The other day I was doing some research on Alexandra Township in Johannesburg, and came across a TripAdvisor review site. Some of the comments read:
“There is no reason to go to Alex. You can drive through it on London Road…”
“I do not even know why this would show on trip advisor. Do not go there this is one of the worst part of towns, and there is nothing to see”
“Lots of litter, waste water, goats, chickens & rats & shanty houses encroach onto street, along a through way road from N1 highway to Sandton. Creating a sad visual first time impression of Alex for tourists that pass that way from the airport.”
“Before going to Johannesburg, I got tons of warnings which all said different variations of ‘whatever you do, don’t go to Alexandra’. Supposedly it was the most dangerous place in the supposedly dangerous city of Johannesburg, and if going there I would for sure get killed, or if I was lucky I would get away with just being robbed – that was the common opinion.”
I also heard many variations on this same message during my time here in South Africa. Warnings abound all over the country, especially in Johannesburg, specifically in connection with areas where Black people live and congregate. Comments like these always strike me as narrow-minded and unimaginative, even if they carry a kernel of truth. After all, people—real people with real lives, who move through the day just like any of us—live in these communities. Individuals with distinct identities, talents, struggles and hopes. These blanket statements immediately erase any possibility that anything good or transformative could exist within the walls of such blighted communities.
South African townships, or “locations” as they are sometimes referred to by locals, were created by the leaders and drivers of apartheid in South Africa. During the apartheid era, these areas housed all non-white residents (namely Black and Indian), keeping them separate and apart from the White race. Blacks were forcibly removed from areas deemed to be “Whites only,” and made to settle in these townships, often established on the periphery of major towns and cities.
Nearly three decades after the dismantling of the apartheid system, segregation by race and class still continues to define South Africa’s social and economic landscape. More than half of the country’s 53 million residents, almost all of whom are Black, still live in townships. And in the span of these three decades, townships continue to suffer neglect, leading to high levels of poverty and unemployment, crime, crumbling infrastructure, and a lack of basic services.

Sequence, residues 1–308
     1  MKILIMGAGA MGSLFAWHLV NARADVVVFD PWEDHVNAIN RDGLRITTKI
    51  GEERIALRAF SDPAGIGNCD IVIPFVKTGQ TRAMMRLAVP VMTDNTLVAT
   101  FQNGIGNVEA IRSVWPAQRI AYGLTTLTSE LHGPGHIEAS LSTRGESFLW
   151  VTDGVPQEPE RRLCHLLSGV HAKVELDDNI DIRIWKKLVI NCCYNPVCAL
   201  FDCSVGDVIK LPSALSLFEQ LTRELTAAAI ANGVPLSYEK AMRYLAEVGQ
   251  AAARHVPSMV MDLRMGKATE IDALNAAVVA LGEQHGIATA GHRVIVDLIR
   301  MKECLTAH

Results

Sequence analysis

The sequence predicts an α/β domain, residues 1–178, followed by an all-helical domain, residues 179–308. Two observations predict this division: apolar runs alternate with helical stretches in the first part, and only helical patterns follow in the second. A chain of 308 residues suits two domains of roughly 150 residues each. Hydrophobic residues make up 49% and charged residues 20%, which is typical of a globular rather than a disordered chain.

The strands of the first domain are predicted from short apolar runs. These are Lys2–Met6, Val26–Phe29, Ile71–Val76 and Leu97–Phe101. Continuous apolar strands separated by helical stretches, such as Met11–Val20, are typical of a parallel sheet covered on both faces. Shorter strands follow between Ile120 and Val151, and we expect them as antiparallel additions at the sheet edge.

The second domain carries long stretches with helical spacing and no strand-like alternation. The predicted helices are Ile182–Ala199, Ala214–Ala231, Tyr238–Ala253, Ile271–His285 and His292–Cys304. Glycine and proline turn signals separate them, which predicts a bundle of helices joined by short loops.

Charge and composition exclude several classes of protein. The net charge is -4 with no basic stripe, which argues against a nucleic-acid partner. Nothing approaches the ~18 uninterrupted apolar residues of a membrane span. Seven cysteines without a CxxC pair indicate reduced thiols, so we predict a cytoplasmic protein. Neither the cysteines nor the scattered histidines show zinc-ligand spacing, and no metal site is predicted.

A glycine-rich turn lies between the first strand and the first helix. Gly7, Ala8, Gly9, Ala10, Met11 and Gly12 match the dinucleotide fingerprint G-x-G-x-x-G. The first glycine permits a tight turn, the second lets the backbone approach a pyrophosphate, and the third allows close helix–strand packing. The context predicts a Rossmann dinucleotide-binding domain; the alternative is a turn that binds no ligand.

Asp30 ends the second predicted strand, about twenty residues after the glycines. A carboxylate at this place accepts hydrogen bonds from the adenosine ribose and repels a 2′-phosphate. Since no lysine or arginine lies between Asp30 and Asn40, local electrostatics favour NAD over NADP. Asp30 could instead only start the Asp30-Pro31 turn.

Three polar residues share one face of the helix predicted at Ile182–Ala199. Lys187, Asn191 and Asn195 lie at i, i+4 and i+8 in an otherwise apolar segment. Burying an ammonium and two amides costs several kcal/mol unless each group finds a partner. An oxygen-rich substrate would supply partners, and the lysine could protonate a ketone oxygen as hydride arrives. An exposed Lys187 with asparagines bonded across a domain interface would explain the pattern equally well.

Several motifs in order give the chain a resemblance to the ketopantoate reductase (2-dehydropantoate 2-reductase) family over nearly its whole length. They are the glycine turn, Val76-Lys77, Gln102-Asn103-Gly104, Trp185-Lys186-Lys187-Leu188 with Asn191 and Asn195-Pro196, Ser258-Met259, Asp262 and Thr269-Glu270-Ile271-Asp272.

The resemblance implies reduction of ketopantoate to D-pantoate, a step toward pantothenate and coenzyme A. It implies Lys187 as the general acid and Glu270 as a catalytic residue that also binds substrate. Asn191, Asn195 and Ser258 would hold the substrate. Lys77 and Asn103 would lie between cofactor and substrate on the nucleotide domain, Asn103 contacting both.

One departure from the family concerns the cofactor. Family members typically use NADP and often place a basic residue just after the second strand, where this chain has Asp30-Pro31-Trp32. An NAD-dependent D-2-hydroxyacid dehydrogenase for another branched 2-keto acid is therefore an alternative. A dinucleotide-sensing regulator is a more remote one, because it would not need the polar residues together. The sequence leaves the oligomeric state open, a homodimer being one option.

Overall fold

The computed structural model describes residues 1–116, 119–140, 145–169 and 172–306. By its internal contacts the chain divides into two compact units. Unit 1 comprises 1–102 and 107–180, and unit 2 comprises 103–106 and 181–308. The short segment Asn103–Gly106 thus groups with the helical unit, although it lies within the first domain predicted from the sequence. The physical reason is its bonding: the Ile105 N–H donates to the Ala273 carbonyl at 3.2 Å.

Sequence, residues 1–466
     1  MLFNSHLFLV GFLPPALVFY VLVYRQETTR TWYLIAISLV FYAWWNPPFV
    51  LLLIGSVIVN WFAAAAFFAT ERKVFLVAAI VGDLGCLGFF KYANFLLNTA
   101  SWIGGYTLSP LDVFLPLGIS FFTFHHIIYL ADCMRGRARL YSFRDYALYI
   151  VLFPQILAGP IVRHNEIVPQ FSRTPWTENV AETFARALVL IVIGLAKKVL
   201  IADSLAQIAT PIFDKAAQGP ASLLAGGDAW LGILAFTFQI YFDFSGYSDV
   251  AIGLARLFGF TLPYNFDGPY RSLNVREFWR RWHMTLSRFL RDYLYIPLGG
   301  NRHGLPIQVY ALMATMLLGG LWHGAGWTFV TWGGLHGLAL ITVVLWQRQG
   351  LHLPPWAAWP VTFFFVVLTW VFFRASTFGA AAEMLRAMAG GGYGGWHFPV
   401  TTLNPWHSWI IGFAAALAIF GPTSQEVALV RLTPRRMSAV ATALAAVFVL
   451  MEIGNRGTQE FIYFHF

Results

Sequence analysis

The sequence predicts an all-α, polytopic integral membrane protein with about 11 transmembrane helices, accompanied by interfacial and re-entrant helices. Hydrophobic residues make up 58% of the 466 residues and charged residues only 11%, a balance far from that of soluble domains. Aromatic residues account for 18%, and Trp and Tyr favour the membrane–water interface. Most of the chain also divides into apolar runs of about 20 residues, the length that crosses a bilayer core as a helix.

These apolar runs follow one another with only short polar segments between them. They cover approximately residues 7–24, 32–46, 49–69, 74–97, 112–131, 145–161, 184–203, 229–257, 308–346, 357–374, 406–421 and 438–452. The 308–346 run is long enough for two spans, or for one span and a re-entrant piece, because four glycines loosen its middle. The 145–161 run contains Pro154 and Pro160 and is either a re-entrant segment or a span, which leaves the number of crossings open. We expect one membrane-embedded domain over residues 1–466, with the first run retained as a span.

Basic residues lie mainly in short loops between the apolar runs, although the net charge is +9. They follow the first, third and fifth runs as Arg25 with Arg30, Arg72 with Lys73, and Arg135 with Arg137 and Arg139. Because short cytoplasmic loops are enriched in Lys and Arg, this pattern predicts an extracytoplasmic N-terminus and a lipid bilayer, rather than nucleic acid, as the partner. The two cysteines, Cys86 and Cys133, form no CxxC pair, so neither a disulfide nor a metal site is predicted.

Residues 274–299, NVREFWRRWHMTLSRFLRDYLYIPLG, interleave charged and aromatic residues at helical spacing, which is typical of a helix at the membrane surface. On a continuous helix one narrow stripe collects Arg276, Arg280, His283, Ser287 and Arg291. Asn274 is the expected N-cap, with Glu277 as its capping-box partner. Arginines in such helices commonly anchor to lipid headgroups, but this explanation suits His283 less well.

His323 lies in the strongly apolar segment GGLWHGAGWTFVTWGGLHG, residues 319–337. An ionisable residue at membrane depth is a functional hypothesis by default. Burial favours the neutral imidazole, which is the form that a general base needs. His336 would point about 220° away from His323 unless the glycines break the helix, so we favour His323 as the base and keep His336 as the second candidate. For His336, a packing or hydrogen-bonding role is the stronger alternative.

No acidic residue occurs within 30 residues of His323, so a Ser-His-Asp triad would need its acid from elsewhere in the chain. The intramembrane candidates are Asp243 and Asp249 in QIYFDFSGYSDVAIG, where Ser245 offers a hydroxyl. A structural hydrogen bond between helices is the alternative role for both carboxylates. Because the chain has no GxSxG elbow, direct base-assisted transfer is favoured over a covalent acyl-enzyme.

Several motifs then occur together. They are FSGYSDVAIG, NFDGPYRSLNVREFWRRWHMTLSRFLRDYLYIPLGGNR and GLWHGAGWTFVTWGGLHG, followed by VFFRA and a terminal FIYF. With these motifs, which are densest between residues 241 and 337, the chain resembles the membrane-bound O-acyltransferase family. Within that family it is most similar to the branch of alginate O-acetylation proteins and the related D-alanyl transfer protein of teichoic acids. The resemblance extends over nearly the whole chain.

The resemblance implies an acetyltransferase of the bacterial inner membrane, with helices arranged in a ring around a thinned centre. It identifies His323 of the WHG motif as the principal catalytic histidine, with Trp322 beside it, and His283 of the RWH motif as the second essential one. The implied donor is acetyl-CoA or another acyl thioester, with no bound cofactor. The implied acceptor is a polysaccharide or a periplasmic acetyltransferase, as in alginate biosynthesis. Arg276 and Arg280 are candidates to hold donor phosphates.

Hence the warnings.
But on the flip side of that reality are the thousands of people who get up everyday to go to work, sometimes commuting up to two hours each way; mothers who, despite the sub-standard education they received during the apartheid era, now push their children to study every night after supper; families and neighbors that gather every week or every month to socialize and strengthen bonds, and offer support to one another; eldest siblings who take their earnings, no matter how meager, to buy food for their entire family and help pay for a younger sibling’s school books or their parents’ medical bills; a young man busy hustling on the corner, selling candy or cigarettes, to drum up money for transportation to school in the city; students who wake up at 4:00am Monday to Friday to prepare for a full 8-hour day of studying and working at Maharishi Institute (where I volunteer), and then come back on Saturdays and Sundays to spend the entire day in a financial markets course, because they have a vision for the future.
Townships are not nameless and faceless black holes, no matter how they may appear from the outside.
People like Paul Maluleke, featured in our first video, prove that hope and creativity and innovation are alive and well in Alexandra Township. He and his community partners embody a spirit of sheer determination and resilience you’d be hard pressed to find in any leafy suburb. Marcia Mofokeng from Katlehong Township, featured in our next video, battles some pretty fierce headwinds as she works to carve out a future for herself, her family, and her employees through her township business.
And township entrepreneurship is growing, as Wendy Mothata points out in her article this month. Driven mostly by necessity—unemployment is ridiculously high—people are increasingly tapping into their creative resources to find ways to make ends meet and build a better future.
Instead of dismissing these communities out of hand and regarding them with contempt and fear, why don’t we stop and take a closer look, and then find ways to join in the efforts already underway?
We invite you to contact us if you would like to learn more about these township initiatives, or to find out how to get involved. Email us at email@example.com.